Tuesday, November 20, 2012

The Pilgrims

In our continuing historical diversion . . .

Several recent posts surveyed the colony of Virginia, started in 1607 by the London group of the Virginia Company. What about that part of the company known as the Plymouth group? In the same year of the London group established a settlement in Jamestown, Virginia, the Plymouth group started a settlement at the moth of the Kennebec River in what is now Maine. It lasted only a year, however, that the settlers boarded a supply ship for home.

Ironically, the London group that initiated the Virginia colony also sponsored a second settlement named after the city of Plymouth. A group of religious dissenters decided to leave England to avoid continuing legal harassment for their refusal to conform to England's established church. 

To understand who these people were, it is necessary to distinguish the main religious factions within the Church of England. Within the Anglican communion many Christians who desired a more radical reformation of the church. They sought changes in both church dogma and church government. Regarding dogma, they wanted to bring the church more in line with the teachings of John Calvin. Regarding church government, most of these reformers wanted to replaced the episcopacy (rule by bishops) with presbytery (rule by association of  ministers. A smaller group wanted to replace the episcopacy with congregational government. 

The dissenters who came to America desired congregational government. In contrast to the majority of reformers, they gave up any hopes of reforming the church. So they became complete separatists. This brought legal harassment from a government that desire religious uniformity. Before coming to America, the fled to the Netherlands in 1609. After ten years, however, many families decided to leave the Netherlands. They could not see returning to England. As described by one of the leaders, William Bradford, “They knew they were pilgrims, and looked not much on those things but lift up their eyes to the heavens, their dearest country, and quieted their spirits.” Discussions began about a plan to move to the New World.

Even while its original settlement struggled in Jamestown, the Virginia group agreed to sponsor a second settlement. They funded Bradford's group to settle near the mouth of the Hudson River, which at that time lay within the original grant of the Virginia Company. A little over one hundred adventurers, including Bradford's “Pilgrims” and several of what the Pilgrims called “Strangers” set sail for American in the Mayflower.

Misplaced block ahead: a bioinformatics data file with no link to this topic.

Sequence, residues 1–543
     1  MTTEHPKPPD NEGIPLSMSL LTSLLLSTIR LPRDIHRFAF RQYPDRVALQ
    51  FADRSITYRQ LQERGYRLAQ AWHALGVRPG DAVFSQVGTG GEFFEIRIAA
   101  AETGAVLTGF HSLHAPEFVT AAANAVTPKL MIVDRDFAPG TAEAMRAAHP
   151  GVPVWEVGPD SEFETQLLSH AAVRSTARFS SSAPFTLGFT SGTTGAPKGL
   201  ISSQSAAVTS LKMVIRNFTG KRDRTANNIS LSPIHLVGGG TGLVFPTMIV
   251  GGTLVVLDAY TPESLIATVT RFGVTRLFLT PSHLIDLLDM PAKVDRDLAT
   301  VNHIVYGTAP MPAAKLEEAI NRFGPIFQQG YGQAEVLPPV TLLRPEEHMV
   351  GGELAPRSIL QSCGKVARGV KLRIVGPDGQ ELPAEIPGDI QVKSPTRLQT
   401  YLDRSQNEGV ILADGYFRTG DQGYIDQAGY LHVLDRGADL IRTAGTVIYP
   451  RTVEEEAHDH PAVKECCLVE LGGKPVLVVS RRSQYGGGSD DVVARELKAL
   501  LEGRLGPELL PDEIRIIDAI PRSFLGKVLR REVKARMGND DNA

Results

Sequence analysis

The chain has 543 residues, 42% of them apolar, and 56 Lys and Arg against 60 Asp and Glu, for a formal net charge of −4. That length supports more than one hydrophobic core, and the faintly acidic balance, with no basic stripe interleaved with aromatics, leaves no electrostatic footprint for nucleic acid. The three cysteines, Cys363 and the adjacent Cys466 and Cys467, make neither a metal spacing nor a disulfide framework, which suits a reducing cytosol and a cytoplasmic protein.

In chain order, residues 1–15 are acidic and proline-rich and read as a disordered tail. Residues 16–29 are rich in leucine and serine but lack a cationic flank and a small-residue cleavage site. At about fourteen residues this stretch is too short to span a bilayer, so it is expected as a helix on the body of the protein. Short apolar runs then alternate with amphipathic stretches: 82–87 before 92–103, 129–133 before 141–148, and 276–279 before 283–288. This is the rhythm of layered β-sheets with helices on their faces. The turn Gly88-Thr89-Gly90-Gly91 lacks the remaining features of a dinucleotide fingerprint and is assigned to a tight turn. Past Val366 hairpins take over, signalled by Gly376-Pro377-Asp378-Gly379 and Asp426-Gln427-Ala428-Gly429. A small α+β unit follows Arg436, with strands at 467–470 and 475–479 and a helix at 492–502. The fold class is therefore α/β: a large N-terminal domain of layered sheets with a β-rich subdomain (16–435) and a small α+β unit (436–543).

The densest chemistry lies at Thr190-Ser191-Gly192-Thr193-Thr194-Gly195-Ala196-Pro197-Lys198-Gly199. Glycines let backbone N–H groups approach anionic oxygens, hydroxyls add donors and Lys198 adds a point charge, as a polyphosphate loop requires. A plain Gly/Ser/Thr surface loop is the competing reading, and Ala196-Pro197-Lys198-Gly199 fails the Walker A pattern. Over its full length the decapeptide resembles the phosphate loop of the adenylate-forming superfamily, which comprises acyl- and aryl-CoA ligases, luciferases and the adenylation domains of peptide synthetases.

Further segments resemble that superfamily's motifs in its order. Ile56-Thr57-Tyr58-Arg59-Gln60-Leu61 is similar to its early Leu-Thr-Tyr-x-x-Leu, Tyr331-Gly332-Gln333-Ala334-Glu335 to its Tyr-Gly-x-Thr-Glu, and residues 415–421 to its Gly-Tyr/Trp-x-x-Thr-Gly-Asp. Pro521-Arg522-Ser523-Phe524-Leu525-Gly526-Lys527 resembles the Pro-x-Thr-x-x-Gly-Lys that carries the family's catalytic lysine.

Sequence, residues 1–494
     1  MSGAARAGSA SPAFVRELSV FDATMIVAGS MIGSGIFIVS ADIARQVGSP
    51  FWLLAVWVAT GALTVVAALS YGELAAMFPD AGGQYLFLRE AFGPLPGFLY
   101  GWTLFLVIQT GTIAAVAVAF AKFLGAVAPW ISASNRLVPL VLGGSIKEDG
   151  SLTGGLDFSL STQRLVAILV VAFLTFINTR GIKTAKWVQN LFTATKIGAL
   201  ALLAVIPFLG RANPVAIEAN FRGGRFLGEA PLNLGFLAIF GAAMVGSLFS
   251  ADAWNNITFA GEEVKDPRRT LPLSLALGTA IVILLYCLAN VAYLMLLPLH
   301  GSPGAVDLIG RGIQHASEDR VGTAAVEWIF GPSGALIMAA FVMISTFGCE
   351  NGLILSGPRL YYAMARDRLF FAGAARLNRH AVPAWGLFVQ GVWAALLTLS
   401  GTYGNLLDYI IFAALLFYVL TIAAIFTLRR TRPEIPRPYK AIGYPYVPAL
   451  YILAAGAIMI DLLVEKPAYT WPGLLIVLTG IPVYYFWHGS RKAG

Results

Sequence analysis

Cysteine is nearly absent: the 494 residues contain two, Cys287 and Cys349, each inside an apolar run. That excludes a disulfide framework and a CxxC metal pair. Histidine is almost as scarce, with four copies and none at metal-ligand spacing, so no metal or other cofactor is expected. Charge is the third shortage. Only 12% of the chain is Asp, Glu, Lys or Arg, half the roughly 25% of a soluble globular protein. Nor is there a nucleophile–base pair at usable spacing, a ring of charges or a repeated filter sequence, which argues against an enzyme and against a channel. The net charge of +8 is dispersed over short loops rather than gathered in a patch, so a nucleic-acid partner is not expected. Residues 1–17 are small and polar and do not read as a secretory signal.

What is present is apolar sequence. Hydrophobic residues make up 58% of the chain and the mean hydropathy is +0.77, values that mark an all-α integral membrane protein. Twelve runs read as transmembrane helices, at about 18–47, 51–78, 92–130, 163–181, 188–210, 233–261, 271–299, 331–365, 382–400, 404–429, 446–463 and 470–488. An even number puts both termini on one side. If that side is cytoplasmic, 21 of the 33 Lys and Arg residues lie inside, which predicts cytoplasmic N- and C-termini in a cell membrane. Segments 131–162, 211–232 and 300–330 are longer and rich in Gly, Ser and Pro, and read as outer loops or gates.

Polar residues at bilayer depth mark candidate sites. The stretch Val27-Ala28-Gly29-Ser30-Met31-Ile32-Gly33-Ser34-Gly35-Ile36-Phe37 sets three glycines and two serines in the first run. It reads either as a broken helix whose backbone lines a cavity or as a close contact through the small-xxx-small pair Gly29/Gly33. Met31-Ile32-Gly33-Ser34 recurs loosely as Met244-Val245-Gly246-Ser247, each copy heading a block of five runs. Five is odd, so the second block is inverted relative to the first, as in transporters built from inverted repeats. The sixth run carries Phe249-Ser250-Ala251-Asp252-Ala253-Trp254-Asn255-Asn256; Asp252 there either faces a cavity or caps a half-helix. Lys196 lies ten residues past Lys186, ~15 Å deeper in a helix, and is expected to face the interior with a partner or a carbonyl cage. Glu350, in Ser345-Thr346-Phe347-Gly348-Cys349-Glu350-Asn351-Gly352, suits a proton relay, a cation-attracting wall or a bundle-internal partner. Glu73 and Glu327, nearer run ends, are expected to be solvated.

They never made it to “Virginia.” Storms forced a landing on the coast of Massachusetts. Although sponsored by the London group, the Pilgrims ended up on land owned by the Plymouth group. Because they possessed no charter rights in Massachusetts, the settlers drew up a document that announced the formation of a “civil body politic” to enact and submit to laws for the good of the colony.

In the name of God, Amen. We, whose names are underwritten, the loyal subjects of our dread Sovereign Lord King James, by the Grace of God, of Great Britain, France, and Ireland, King, defender of the Faith, etc.
Having undertaken, for the Glory of God, and advancements of the Christian faith and honor of our King and Country, a voyage to plant the first colony in the Northern parts of Virginia, do by these presents, solemnly and mutually, in the presence of God, and one another, covenant and combine ourselves together into a civil body politic; for our better ordering, and preservation and furtherance of the ends aforesaid; and by virtue hereof to enact, constitute, and frame, such just and equal laws, ordinances, acts, constitutions, and offices, from time to time, as shall be thought most meet and convenient for the general good of the colony; unto which we promise all due submission and obedience.

In witness whereof we have hereunto subscribed our names at Cape Cod the 11th of November, in the year of the reign of our Sovereign Lord King James, of England, France, and Ireland, the eighteenth, and of Scotland the fifty-fourth, 1620.

Some have interpreted the Mayflower Compact as an example of a real social contract than anticipated the more famous philosophical Lockean version. The settlers found themselves in a “state of nature” with no established governing authority. Consequently, they formed themselves into a civil political body pledged to form a governing body and to submit to its laws.

This is a partial truth. The Mayflower Compact was a type of social contract. It differed, however, from Locke's more theoretical contract in a couple of important ways. First, although the settlers found themselves in a state of nature, they were not completely beyond all authority. They had no company charter rights to be in Massachusetts, but the land constituted part of the dominions of the English monarch. So in the compact, the settlers acknowledged that they remained the “loyal subjects” of King James. Second, the compact cited different ends that Locke's contract. In Locke's version, the reason for the establishment of a social contract was the protection of individual rights. The security of natural rights would be tenuous at best in a “state of nature.” In the Mayflower Compact, the ends consisted of the “furtherance and preservation” of the mission behind their voyage: the glory of God, the advancement of the Christian faith, and the honor of king and country.

The compact did, however, provide another early example of self government among the English in the New World

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